Observation is very important when it comes to identifying problems in the market or in a business. Innovation becomes much easier when we really understand the problems at hand.
- Creating the solution
It is easy to jump to a solution quickly, but how can you be sure it’s the right one? It’s important to consider a range of solutions and a workable solution that works best for the product or service.
- The innovation management process
Firstly let’s look at what exactly innovation management is. This is the process of capturing and managing an organisational innovation and how to manage it moving forward.
This has traditionally been the job of research and development teams but today companies need to make this business-wide. These days, it is recognised that innovation is essential for driving any form of business growth as well as to remain competitive.
The beauty of innovation is that it can come from anyone within the business, and organisations should be promoting this.
To have effective innovation management you need three things:
- Defined process model
- Focus on innovation
- The right tools to get it done
You should be wary of not controlling this too much however, as this breeds hierarchical chain of command instead of allowing individuals to feel they can direct that change.
Great ideas don’t always come from brainstorming sessions, it can come from anywhere at any time. This is where it’s crucial your business can capture this from all employees.
Innovation Management Tools
Innovation management also includes a set of tools that then allows managers and all employees to corporate with a common understanding of processes and goals. But using these tools it can then deploy creative capabilities within your workforce and help a continuous development of the business.
Examples of the types of tools that may be used include:
- Product lifecycle management
- Project management
- Portfolio management
Innovation management (IM) was based on the ideas that the Austrian economist put forward, Joseph Schumpeter.
He actually wrote a book called ‘Capitalism, Socialism and Democracy’ which developed the concept of creative destruction and how you can actually be helping your organization more to produce new ideas, processes or products and services.
There are several ways that organizations can implement this innovation. Here are some:
- Giving workers freedom
- Providing your team with resource to implement innovative ideas
- Invest time in creative nourishment
- Don’t just focus on research & development
- Allow your employees the chance to fail
- Develop an accommodating leadership style
- Don’t look down on your employees
- Acknowledge their contribution
Think of innovation as a long term strategy that demands an investment of the time and efforts of your business so you need to ensure your organisation continues to benefit from these positive outcomes of innovation.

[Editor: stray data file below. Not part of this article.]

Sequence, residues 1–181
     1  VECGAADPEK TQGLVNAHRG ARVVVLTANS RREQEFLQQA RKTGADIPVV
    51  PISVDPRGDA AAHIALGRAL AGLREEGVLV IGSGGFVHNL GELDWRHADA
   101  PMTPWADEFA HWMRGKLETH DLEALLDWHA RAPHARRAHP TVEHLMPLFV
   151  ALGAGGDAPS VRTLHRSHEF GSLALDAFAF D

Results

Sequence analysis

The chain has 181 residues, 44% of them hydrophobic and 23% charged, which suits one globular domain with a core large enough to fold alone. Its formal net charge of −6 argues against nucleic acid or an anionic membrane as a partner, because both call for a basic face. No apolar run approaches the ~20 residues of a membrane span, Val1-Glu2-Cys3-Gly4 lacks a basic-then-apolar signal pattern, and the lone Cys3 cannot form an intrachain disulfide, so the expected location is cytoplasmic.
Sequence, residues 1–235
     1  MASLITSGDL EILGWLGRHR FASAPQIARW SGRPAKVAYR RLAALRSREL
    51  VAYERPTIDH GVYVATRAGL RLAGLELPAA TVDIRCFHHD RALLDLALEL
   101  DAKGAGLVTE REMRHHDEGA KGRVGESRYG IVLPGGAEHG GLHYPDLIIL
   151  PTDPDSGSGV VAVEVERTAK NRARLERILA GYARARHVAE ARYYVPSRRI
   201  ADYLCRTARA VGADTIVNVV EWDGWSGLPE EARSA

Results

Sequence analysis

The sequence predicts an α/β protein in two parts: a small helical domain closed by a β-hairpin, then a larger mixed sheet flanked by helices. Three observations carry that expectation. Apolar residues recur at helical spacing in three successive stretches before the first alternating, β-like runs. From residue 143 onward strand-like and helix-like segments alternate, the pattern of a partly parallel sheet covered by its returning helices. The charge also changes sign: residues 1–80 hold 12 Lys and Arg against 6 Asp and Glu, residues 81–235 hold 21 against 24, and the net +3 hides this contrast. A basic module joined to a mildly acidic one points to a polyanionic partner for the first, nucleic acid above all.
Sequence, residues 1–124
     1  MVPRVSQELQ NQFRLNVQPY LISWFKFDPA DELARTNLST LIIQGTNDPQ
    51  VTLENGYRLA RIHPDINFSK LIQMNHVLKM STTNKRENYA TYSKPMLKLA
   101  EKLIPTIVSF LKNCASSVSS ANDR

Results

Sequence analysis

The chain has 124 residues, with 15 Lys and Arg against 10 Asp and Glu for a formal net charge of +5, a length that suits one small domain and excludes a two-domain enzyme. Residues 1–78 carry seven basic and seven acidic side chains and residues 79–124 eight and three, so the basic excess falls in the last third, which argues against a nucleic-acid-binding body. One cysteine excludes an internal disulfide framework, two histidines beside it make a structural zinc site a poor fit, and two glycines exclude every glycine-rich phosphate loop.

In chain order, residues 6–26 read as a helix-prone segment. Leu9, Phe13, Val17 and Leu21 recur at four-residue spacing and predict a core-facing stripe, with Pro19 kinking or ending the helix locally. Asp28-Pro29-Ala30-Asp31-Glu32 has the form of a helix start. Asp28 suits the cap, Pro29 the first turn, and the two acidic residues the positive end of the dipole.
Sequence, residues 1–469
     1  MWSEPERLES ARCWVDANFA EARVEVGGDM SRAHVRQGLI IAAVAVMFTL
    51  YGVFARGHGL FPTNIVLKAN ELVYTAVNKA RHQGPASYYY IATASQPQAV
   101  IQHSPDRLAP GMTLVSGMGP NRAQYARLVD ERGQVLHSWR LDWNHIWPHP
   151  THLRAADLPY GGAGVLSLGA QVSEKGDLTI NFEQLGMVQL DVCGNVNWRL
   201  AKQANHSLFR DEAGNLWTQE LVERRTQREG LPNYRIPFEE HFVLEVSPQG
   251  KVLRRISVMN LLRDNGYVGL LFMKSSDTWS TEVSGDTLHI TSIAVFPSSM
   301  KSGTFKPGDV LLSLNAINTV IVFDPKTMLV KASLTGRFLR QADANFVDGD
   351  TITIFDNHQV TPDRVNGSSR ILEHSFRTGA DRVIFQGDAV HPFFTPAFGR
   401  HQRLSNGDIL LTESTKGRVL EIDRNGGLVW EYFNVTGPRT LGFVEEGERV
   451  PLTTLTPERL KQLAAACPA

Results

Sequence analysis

The Three Types of Organizational Innovation
We’ve outlined how companies can implement innovation, but what are the three types of innovation? These are:
- process and
- business model.
In order for businesses to stay relevant, however big or small, you’ll need each of those types of innovation at some stage.
Product Innovation – this tends to be the most well known form of innovation relating to either a completely new product or a new feature within an existing product or service, for example introducing a new form of virtual networking with an events provider. Often it’s a result of new technology or insights about customer needs.
Process Innovation – this is about how a product or service is produced or delivered to a client. There could be a number of methods and capabilities to produce, market and then deliver it. Of course, there are hundreds of ways you could improve a process but it’s what the customer really sees as additional value.
Business Model Innovation – the third and final type of innovation is not about incremental change but instead about a holistic and business-wide transformation.
Read More: Microsoft’s Digital Transformation Journey
This can impact anything from your product marketing to your pricing strategy. It is more commonly seen in startups that don’t have an established business structure yet and need to experiment in how they operate.
Take Amazon for example, they transformed their business model and essentially created a new industry. They found a way to reach their customers all online, without going through the conventional retail distribution route.
In conclusion, no business can succeed without innovation. It’s at the heart of everything, especially in the world of technology.
In order to breed a company that thrives off innovation, it’s clear you need to allow your employees to share their thoughts and have an open forum for this.
Hopefully the article outlines how you can and should include innovation within all your strategies moving forward, or if you were already, how you could think even deeper about the process.
GDS Group hosts experts to help experts. We strive to provide an atmosphere for our attendees that enables them to confidently lead their companies through major transformation projects. For information on upcoming events, view our view our Digital Summits. To remain current on our activities, visit GDS Group on LinkedIn | Facebook | Twitter.